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Friday, 13 May 2022 11:43

Rise of the Settlement Agreement

Where settlement agreements would historically come up maybe a couple of times per year, we have recently handled several in just a few weeks. Since the lifting of Covid restrictions and employees returning to the workplace, we’ve noticed a steady rise in the number of clients enquiring about them.

There has been a widely reported shift in working attitudes since Covid, with many employees fighting to remain working from home, often against their employers wishes; and others re-evaluating their work-life balance altogether. With some individual’s workplace issues lying dormant during their time working from home, the return to the workplace has re-activated certain feelings and behaviours creating conflict and tension for which both employer and employee are looking for a quick fix.

Designed to be a quick fix arrangement between an employer and an employee to settle a workplace dispute, one of the main points of a settlement agreement is that the employee will forgo the option to make a tribunal claim regarding the incident that has given rise to the settlement being made. Usually, this surrender of rights is made in return for a financial settlement and the promise that the matter is finally put to bed.

Whilst a settlement agreement can be a good way to circumvent what might otherwise be a drawn out disciplinary or performance management process, we don’t recommend that they should be seen as an alternative to either and should only be considered under certain circumstances. They are not a substitute for good working practices; nor are they the default position for when management fails.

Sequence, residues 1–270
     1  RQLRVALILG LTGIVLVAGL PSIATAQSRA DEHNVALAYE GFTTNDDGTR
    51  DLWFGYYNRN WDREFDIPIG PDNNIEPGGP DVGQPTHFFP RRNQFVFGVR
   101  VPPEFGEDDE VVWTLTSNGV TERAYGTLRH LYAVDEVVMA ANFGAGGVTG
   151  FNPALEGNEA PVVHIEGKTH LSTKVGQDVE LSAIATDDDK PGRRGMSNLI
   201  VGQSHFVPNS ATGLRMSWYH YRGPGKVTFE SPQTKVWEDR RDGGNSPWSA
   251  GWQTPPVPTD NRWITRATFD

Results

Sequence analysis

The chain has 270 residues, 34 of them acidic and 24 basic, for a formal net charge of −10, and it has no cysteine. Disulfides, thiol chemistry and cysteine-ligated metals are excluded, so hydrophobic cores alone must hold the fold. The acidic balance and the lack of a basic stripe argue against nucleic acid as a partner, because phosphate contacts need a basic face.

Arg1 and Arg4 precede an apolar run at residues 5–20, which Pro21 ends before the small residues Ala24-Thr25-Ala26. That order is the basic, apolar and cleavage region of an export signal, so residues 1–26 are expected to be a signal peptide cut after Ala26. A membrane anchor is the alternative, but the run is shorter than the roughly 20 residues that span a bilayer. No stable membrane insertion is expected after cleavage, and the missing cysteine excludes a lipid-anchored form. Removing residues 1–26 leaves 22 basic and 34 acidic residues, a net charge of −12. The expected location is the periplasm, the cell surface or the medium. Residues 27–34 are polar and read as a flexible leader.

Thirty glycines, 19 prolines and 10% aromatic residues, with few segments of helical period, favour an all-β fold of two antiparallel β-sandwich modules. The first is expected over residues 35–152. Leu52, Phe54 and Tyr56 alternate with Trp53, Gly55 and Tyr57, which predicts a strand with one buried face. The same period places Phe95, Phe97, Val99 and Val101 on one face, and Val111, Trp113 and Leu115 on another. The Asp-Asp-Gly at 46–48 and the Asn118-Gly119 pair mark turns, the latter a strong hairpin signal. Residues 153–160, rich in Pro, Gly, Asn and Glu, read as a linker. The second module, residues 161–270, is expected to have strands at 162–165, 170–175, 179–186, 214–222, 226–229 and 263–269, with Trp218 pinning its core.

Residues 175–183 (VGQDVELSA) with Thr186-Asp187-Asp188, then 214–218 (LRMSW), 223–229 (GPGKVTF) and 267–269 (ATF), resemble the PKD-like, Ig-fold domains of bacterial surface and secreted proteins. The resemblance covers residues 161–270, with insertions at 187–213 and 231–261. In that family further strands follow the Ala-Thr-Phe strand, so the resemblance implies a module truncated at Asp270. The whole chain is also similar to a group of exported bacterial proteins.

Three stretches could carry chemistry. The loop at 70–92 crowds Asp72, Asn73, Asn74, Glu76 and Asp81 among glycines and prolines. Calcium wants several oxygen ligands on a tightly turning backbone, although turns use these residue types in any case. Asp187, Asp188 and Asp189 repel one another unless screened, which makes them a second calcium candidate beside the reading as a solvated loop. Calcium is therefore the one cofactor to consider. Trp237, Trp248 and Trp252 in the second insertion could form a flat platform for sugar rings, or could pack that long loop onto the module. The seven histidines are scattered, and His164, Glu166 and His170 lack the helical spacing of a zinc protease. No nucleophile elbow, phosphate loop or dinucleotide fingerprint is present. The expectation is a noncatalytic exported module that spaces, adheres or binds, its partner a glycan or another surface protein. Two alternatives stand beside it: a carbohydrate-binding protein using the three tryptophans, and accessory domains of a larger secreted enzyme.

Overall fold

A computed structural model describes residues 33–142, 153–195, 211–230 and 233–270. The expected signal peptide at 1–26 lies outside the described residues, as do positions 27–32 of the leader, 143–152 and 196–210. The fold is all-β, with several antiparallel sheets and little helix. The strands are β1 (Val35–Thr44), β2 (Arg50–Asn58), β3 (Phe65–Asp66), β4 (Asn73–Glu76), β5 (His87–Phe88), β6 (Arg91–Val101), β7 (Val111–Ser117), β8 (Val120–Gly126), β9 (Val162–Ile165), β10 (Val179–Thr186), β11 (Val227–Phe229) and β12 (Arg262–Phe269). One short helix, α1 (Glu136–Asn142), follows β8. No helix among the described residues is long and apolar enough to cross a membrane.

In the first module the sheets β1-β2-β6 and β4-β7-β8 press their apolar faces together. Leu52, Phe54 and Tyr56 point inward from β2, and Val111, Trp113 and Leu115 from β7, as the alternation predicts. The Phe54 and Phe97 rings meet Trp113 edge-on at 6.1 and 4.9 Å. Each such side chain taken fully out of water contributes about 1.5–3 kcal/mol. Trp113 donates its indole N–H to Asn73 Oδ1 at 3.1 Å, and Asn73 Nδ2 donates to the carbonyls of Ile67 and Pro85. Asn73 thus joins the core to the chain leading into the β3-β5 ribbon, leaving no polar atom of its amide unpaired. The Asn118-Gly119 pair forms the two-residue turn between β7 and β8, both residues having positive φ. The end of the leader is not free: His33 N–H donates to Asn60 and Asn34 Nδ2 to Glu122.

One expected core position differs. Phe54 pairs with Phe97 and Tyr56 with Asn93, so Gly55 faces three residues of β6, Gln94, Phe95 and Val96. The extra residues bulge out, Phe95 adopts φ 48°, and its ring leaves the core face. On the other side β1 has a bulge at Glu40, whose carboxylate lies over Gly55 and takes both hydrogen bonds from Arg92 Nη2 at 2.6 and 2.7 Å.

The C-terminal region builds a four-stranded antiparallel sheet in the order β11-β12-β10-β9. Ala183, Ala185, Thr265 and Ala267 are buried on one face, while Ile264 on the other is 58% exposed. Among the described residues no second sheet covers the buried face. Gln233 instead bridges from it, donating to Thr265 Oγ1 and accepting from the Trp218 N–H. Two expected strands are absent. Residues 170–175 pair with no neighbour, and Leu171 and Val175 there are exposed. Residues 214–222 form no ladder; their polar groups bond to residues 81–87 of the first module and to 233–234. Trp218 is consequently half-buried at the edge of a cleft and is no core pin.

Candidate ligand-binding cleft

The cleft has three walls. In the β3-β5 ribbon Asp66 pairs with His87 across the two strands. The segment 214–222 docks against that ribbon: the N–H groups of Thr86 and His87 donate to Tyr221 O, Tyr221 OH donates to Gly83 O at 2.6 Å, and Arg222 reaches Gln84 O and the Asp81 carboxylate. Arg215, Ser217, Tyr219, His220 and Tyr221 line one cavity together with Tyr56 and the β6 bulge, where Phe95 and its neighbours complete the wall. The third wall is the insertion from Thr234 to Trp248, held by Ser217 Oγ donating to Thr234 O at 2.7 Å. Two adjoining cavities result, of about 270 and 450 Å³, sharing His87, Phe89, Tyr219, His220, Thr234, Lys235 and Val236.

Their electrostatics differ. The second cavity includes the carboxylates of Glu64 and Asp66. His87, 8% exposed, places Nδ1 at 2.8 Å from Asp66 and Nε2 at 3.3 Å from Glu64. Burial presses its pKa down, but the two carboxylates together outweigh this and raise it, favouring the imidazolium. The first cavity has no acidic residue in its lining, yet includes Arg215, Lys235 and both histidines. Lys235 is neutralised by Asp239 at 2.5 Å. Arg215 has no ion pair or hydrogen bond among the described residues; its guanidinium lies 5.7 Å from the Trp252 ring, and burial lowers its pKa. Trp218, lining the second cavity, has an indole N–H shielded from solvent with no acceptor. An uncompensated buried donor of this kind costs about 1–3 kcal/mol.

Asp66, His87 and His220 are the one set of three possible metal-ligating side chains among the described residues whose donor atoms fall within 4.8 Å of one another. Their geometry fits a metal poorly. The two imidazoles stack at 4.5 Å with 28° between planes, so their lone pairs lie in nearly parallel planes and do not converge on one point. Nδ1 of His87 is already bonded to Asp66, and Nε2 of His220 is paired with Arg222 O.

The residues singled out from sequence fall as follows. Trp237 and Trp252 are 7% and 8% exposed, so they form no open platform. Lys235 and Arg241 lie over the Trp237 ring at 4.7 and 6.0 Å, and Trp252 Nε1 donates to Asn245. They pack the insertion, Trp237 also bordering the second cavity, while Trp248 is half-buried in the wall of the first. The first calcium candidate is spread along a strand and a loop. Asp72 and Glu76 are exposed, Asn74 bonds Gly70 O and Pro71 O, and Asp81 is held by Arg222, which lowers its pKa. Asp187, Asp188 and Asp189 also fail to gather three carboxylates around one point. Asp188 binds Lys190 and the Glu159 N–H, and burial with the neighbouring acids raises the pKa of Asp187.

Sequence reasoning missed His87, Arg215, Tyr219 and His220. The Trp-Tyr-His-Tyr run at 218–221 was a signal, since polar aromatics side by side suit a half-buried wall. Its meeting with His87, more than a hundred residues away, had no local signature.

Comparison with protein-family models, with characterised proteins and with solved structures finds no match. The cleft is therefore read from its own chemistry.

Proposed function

Consider that a monetary settlement will be involved that the employer must be prepared to negotiate and pay, and that coming to one settlement may open the floodgates of other employees expecting the same. There is also the danger that an employer will get a reputation for simply ‘paying off’ problematic employees.

A 'without prejudice' conversation relating to a settlement agreement can be started at any time by either an employer or an employee, but it must be done properly so as not to influence or prejudice any future events or decisions. Discussions should include payment arrangements, how the employment will be terminated (if this is an outcome) and any terms of an employer reference.

Once an agreement has been reached it must be put in writing and the employee given adequate time to consider it; usually ten days. The employee should also be advised to seek independent legal advice to have the terms of the settlement clearly and unambiguously explained to them. The cost of this advice should be met by the employer.

Once concluded, the employee has effectively given up any option to claim for unfair dismissal, provided this is detailed in the settlement agreement, so make sure that all loose ends are tied up. Also remember that some dismissals are automatically classed as unfair if they relate to an employee exercising specific rights relating to pregnancy or whistleblowing for example so don’t try to use a settlement agreement in those cases.

Although settlement agreements usually conclude an individual’s employment within a company, they don’t have to. A settlement agreement could be used to settle a dispute over an employee’s holiday perhaps, or an in-work benefit.

As mentioned, settlement agreements should only really be considered as a last resort, but if you do need advice about implementing one you can call us on 01452 331331 or via e-mail on This email address is being protected from spambots. You need JavaScript enabled to view it.

 

Read 113 times Last modified on Wednesday, 18 May 2022 14:27

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